In an effort to take advantage of Jim Bowie’s popularity, George Elgin patented a huge knife attached to a single shot percussion pistol in 1837. The idea was simply to offer a dual-purpose weapon, and it proves that human nature never does change much. I suspect that in actual use the weapon would have been pretty awkward – bulky to carry, heavy for a pistol, and clumsy for a knife. However, that didn’t stop two different manufacturers from making them on license, and several hundred willing buyers from shelling out money. In fact, the US Navy even purchased 150 of them for use in the South Seas, making the Elgin the first percussion handgun formally used by the US military. This particular one for sale at RIA is a commercial model made by Morrill, Mosman, and Blair.
Elgin’s 1837 patent was one of the briefest I have yet seen, too. Have a look:
How does the weight of the blade affect the handling of the pistol? Does it make it excessively muzzle heavy?
Overall, it seems to be designed more for looks than for practicality. It’s not alone in the firearms field when it comes to that.
I am surprised that this device can be patent. So far I know:
-the joining of known devices can’t be patented
-if you can find existing device crafted before the issuing of patent, the patent will not be granted – doesn’t knife/pistol like this exist earlier?
The pistol/knife combination has very long tradition and still are in use – for example Soviet 6P25U knife: http://en.wikipedia.org/wiki/NRS-2
he patented the methods to attach a bowie knife to a hand gun not the hand gun itself.
“…bulky to carry, heavy for a pistol, and clumsy for a knife.”
And dangerous as hell to ram a ball down the bore past that knife point.
No more so than ramming a ball down a musket with a fixed bayonet, and military personnel were trained to do that by reflex and muscle memory back then.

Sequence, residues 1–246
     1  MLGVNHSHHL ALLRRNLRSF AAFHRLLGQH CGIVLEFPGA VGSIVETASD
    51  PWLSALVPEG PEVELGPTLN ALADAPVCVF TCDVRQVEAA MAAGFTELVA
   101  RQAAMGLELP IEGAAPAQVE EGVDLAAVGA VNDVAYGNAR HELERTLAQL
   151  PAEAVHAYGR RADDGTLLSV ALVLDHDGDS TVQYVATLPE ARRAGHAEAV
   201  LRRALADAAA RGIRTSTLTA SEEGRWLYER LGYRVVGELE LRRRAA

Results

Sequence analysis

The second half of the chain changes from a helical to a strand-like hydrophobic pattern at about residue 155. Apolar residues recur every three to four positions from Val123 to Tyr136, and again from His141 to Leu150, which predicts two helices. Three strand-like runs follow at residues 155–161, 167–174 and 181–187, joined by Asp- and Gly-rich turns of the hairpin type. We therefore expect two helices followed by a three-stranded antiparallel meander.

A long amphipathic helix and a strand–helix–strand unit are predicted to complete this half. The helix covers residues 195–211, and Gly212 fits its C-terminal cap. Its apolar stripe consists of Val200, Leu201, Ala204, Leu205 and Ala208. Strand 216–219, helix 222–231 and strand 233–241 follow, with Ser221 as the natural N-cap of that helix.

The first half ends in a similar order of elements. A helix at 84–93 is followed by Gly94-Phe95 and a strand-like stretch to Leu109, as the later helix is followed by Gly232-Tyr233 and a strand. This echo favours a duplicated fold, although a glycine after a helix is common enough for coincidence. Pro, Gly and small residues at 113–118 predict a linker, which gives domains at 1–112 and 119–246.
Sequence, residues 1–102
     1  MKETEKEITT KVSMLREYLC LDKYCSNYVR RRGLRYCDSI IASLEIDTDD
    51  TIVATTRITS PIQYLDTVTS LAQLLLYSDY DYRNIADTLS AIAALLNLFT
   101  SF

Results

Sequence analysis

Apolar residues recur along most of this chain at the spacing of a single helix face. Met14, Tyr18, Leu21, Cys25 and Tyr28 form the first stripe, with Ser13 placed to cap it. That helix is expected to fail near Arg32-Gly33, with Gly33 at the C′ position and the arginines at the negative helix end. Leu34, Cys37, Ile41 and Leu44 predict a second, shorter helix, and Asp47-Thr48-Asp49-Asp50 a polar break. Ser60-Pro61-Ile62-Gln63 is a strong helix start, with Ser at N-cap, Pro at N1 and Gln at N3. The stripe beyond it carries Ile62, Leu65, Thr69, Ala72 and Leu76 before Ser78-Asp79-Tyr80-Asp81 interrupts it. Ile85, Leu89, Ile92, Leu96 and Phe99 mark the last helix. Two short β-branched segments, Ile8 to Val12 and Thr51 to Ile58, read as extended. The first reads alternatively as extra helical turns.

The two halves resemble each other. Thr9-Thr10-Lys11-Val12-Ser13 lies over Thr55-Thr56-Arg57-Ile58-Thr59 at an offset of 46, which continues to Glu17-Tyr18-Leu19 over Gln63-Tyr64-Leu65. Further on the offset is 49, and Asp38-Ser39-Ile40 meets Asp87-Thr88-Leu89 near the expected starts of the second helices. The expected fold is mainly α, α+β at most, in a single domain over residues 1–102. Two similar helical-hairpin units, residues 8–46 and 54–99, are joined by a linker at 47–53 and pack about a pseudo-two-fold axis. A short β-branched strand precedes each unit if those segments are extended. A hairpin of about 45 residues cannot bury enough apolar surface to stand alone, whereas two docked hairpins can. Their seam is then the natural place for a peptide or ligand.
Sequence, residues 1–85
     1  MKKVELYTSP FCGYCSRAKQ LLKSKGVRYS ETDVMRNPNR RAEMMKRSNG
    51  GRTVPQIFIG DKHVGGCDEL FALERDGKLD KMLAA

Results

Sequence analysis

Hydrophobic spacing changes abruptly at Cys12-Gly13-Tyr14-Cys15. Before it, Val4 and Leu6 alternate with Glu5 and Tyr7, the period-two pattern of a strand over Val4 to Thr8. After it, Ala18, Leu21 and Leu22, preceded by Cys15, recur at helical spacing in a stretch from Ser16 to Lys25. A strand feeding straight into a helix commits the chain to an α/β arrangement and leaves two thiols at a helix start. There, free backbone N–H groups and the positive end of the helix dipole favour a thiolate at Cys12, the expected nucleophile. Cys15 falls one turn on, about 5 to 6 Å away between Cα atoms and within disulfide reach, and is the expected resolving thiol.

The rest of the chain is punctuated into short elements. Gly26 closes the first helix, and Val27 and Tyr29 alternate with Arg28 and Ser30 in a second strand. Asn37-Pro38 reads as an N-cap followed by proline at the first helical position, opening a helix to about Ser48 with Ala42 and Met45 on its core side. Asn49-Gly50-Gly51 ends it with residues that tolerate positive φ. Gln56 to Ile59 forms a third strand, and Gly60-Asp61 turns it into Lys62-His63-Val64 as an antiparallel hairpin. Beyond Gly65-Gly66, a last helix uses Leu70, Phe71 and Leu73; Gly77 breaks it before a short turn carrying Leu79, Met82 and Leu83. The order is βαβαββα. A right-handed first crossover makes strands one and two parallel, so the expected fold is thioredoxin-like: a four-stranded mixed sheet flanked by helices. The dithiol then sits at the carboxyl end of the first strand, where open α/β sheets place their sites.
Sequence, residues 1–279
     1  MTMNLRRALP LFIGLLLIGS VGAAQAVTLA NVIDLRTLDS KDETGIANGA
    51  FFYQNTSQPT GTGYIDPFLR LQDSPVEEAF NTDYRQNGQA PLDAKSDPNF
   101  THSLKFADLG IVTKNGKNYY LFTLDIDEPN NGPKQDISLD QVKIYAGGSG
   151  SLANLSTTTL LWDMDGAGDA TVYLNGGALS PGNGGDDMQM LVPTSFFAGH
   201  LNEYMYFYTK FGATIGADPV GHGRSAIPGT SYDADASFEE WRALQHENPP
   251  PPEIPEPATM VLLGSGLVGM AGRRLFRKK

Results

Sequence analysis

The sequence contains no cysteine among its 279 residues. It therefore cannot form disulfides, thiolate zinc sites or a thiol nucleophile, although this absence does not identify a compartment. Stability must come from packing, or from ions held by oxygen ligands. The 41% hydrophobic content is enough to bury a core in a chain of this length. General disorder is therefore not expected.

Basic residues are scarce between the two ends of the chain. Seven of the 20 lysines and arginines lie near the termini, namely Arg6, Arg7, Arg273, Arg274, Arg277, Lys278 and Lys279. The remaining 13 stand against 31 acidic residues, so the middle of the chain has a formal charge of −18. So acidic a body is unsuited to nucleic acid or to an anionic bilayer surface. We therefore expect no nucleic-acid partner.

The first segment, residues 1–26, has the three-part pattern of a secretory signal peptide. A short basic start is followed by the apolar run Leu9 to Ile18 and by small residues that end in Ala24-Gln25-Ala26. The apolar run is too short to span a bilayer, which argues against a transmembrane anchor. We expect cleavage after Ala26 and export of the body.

If you want anything crazier than this less-than-viable miniature cutlass, try a cavalry saber with a pin-fire revolver serving as the grip in such a manner that simply pointing the saber towards one’s intended victim lines the sight picture…
“En-garde, monsieur le capitaine!” BANG!
Well, if there are two thugs jumping you and you only have one shot, it’s probably better than nothing. Or, you could carry a brace of regular pistols and a large Bowie knife. I have to agree that it would be tricky to load with that big old blade sticking out past the muzzle, but it is kind of cool looking, though. The blade does look more useful than the Webley-Pritchard pig sticker, especially for slashing. I’ve got a cheap Bowie in my parts box, and if I get bored enough or drunk enough, I may just fashion a rail adapter on the grip and make a Glock/SIG/HK version for fun.
I’m having flashbacks to Halo 3, and the Brute Spiker…
I’ve been seeing pictures of these in “weird firearms” books since I was a kid, and it’s fascinating to finally really get a 360° look at one. The bevel on the upper edge always made it look in side views like the blade was absurdly thick — more like a wedge than a knife blade. This looks a little handier, at least.
Some manufacturers apparently extended the trigger guard down to the end of the grip as a hand guard, making it more truly cutlass-like.
I think I’d prefer the Webley with the Pritchard bayonet.
Looks dangerous to load especially in a hurry. But it should be a way to accomplish since muzzle loading rifles of that era with attached bayonets had same hardness.
If you subtract the Bowie-type blade, the Elgin is a pretty basic “boot pistol” of the period, and was about s simple and mule-stupid as a handgun can get. Simplicity is something that is desirable in a CQB weapon, at any tech level.